A final way of understanding how the scientific method is a metaphysical statement is to look at what it can, and cannot show us. On the positive side, it has shown us a great deal about how our physical world works. It has yielded breakthroughs in physics, chemistry, medicine, engineering, and computers which have totally changed how we live, and enabled us to be more physically healthy.
On the negative side it develops a system of thought which rules out the reality of all one-time events, because one-time events are un-repeatable, and thus unreliable, and therefore un-testable. If followed exclusively, it effectively rules out God revealing himself through Jesus, as well as all one-time miracles and healings. If this line of thought was honestly followed to its end, it would rule out all historical information, because all historical events are also one-time events that cannot be repeated. For instance, can we re-create World War II, or Columbus' discovery of America? At the far extreme, no crime could ever be solved because it could not be exactly re-created and re-tested!

Furthermore, the scientific method is governed by super-empirical human minds. It is humans who select what questions to ask, and what to test. It is human creativity that determines what hypotheses are thought of or ignored. In fact, humans developed science out of a worldview that took it for granted that an intelligent super-empirical Mind (i.e. God) created everything, and made the universe reliable and testable in the first place. Without this belief in orderly creation, science would have never evolved (because modern science only sprung out of Judeo-Christian and Islamic cultures which shared this belief). Science is not an "objective" was of knowing the world, but a thoroughly human way of knowing from inception to completion!

Indeed, there are types of realties that even if they existed, science could not tell us about. For instance, if there are free minds that exist outside of physical reality (such as the mind of God, or of angels), science could never compel them to act in an orderly, predictable way to test them. Science cannot even make human or animal minds function in orderly ways without performing acts of cruelty and manipulation on them! How much less could it control super-empirical minds that are entirely outside of physical reality.

And then there is the issue of meaning and purpose. Science can tell us how physical things work, but not why they are here in the first place. For instance, if science is asked "Why is there something instead of nothing?", it can do one of two things. First, it may say we are here because x caused y and y caused z. But this is simply confusing how things happen (the chain of cause and effect) with why things happen (the motive for creating). Secondly, science can be honest and simply say "Why? Just because! The bare facts are all we have!". And they are right. From the standpoint of the scientific method, bare physical facts are all there are.

Yet, we know that there is more to reality than just bare physical facts. We know that there is historical knowledge, which is a chain of one-time, non-repeatable events. We know that there are a whole host of super-empirical realities that control empirical reality, such as logic, math, and the laws of physics. Furthermore, we know of a whole host of super-empirical realities that make life worth living, and without which, there is no reason to live, such as love, beauty, purpose, meaning, and truth. Finally, if we are really honest, we know deep down that there is some type of Ultimate Reality that holds together all of reality, the empirical and super-empirical.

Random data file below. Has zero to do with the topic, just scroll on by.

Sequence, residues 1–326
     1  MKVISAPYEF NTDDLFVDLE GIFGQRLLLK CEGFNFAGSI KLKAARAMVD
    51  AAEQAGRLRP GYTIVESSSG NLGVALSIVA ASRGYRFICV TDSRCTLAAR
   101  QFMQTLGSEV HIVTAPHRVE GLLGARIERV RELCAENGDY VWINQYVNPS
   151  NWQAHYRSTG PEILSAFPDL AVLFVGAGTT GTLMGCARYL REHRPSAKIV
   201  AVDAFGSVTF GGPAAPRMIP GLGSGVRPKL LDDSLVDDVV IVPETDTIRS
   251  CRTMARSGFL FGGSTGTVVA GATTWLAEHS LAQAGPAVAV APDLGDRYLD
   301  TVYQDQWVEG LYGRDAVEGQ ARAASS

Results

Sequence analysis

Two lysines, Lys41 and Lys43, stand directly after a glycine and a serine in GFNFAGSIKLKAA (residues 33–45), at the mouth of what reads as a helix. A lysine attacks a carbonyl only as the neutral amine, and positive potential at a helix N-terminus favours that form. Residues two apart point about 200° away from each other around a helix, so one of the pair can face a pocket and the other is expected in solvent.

We must come up with a way of knowing that includes all that is valuable from science, but which also allows us to really know and understand all of the other super-empirical realities we know exist as well. It is this method that I intend to outline in future posts.

This is a collection of essays written to address issues of epistemology, metaphysics, what we can know, and what we can't, from a moderate perspective that seeks to unite the various strengths of various theories of truth around the Person of Him who is Truth (Jesus Christ), without falling into the seemingly endless debates about subjects such as science versus faith, reason verses religion, absolutism versus relativism, correspondence versus coherence, personal truth versus propositional truth, foundationalism versus non-foundationalism, realism versus anti-realism, objectivity versus subjectivity, modernism versus post-modernism, and evangelical versus emergent. These essays draw on insights from people as diverse as Plato, Aristotle, Aquinas, Kant, Hume, Pascal, Descartes, John Henry Neuman, CS Lewis, John Polkinghorne, Peter Kreeft, Billy Abraham, and Bruce Marshall. But rather than footnote it into oblivion, I would rather just say that there is not an original thought in these essays, so enjoy.

Copyright © 2006 Nathan L. Bostian
This is a bunch of stuff to make us think hard about our incredible love affair with the God of the universe, our astounding infidelities against him, and his incredible grace to heal and restore us through Christ. Everything on this site is copyright © 1996-2015 by Nathan L. Bostian so if you use it, cite me... otherwise you break the 8th commandment, and make God unhappy. You can contact the author by posting a comment.